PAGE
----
At first, some hard-leftists in Britain sought to conceal from themselves what had happened. In the Morning Star on 14 June 1990, Richard Gott, at the time assistant editor of the Guardian, described the overthrow of the communist system as a ‘counter-revolution’, the party line; others kidded themselves that the fallen regimes were ‘not really socialist’. The greater truth is that it was not only central committees and their dead-eyed apparatchiks who were buried in the rubble of the Berlin Wall. The credit of socialist nostrums as a whole took a beating; or as Milan Simecka memorably declared in February 1988, ‘existing socialism’ had ‘stolen from socialism any future it might have had’.
Nor has the ground been recovered, despite the growing gap between rich and poor in the Western democracies, and a ‘capitalist crisis’ whose lineaments Marx foretold. Indeed, convinced socialists are hard to find these days, and there are even fewer reds under the beds; while right-wing Americans who currently accuse the ideas-lite Barack Obama of being a crypto-socialist and even a Marxist can have little knowledge of what socialism and Marxism are, or were.
To get closer to the heart of leftist weakness and failure, it is also necessary to go back to the 1960s. In ‘progressive’ circles, there have always been what Orwell scornfully called ‘sandal wearers’ and ‘fruit-juice drinkers’. But from the Swinging Sixties onwards, ‘alternative’ forms of anti-authoritarian radicalism took off in earnest, doubtless stoked in Britain by MI5, especially in the sectarian ‘Trotskyite’ groups. Contributing to, and boosted by, the May ’68 revolt in France and the camaraderie of opposition to the Vietnam war, they had the wind in their sails — and a lot of it was wind — well before communism’s collapse.
The fall of the Wall finished off the old left’s hair-shirt hardliners. But it had a deeper effect too. As Kevin Davey declared in Tribune in May 1990, in a (brief) moment of truth-telling, ‘The Western left, even in its most independent forms’ — that is, in its ‘alternative’, libertarian forms — ‘has been traumatised by the collapse of Stalinist regimes. Some have played Canute in the face of democratic tides, many have drowned, and a few are surfing on the waves of change.’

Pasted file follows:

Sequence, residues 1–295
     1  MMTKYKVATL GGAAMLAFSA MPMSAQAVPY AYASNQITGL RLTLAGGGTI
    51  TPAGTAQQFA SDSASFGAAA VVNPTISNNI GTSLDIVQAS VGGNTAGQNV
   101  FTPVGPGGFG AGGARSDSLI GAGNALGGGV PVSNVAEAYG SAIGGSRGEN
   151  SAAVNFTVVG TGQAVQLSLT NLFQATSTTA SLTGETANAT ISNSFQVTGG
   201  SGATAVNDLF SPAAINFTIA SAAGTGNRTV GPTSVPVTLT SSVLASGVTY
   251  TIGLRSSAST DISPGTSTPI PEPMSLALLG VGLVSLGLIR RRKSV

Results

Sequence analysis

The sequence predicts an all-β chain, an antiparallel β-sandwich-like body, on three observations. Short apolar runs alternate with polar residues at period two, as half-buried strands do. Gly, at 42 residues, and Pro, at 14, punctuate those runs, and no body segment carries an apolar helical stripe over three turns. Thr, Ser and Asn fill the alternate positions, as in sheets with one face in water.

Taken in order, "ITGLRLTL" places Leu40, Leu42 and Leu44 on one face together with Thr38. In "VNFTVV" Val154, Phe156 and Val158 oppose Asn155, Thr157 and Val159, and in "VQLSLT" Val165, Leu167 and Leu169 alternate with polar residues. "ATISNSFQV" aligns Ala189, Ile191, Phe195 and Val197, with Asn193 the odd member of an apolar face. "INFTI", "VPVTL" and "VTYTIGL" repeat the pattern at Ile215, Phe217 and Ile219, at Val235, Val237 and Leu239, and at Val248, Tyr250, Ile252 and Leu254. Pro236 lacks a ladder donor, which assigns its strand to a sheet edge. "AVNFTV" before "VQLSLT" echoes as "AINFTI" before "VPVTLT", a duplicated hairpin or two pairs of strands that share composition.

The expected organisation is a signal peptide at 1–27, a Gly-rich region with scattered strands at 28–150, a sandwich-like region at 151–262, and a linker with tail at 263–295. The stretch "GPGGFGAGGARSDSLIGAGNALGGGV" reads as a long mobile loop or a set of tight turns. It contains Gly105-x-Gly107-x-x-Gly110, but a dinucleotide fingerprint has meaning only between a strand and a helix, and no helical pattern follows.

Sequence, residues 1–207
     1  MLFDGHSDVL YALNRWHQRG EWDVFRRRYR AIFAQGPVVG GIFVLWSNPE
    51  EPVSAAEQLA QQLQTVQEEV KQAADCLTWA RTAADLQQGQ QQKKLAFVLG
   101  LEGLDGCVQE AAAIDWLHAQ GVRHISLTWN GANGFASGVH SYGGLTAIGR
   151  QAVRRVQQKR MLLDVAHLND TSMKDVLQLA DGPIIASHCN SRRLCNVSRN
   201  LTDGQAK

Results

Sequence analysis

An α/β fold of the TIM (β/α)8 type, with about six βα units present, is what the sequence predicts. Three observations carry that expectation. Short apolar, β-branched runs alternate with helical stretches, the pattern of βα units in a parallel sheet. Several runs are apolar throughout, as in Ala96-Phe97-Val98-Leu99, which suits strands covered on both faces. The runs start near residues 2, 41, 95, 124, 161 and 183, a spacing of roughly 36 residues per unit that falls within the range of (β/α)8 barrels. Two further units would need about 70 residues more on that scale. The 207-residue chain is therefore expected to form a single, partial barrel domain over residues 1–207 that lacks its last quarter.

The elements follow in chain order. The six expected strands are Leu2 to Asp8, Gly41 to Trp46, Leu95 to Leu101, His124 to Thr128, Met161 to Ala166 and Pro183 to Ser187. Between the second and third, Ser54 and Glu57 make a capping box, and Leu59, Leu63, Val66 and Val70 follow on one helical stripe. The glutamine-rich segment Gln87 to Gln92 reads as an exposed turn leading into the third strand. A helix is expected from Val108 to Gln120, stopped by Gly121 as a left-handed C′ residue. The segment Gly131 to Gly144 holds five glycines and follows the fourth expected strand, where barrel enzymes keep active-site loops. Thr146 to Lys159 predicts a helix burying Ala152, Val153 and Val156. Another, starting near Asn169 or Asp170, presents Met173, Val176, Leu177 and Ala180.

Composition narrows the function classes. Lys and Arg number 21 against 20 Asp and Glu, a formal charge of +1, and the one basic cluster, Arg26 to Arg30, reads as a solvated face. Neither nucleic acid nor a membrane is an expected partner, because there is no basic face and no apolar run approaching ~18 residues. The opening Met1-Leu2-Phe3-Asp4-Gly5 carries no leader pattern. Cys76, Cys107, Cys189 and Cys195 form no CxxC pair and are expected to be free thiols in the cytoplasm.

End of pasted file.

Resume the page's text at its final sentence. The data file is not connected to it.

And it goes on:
To what surfboards, or lifeboats, did the ‘traumatised’ and disoriented left take, with ‘existing socialism’ in collapse? They took to the surfboards, in construction since the 1960s, of the politics of gender, sexuality, lifestyle, and rights, rights, rights, tricked out with a few shards of more orthodox socialist belief. The Guardian, with its ragbag agenda, is the best showcase of it in Britain: a shallow mix of multiculturalism and metro-shopping, feminism and football, celeb-fixation and sub-left posturing; a caboodle for which Orwell would have felt even greater scorn today.
And what else did we get in Britain, as old socialism went under? We got New Labour. In it, even ex-Trot sectarians and former radical swingers found a political home; and, after a slick haircut and a visit to the opticians for a pair of rimless specs, a vehicle — for the politically correct and the politically corrupt — in which to ride to government with, at the last, a seat in a corporate boardroom.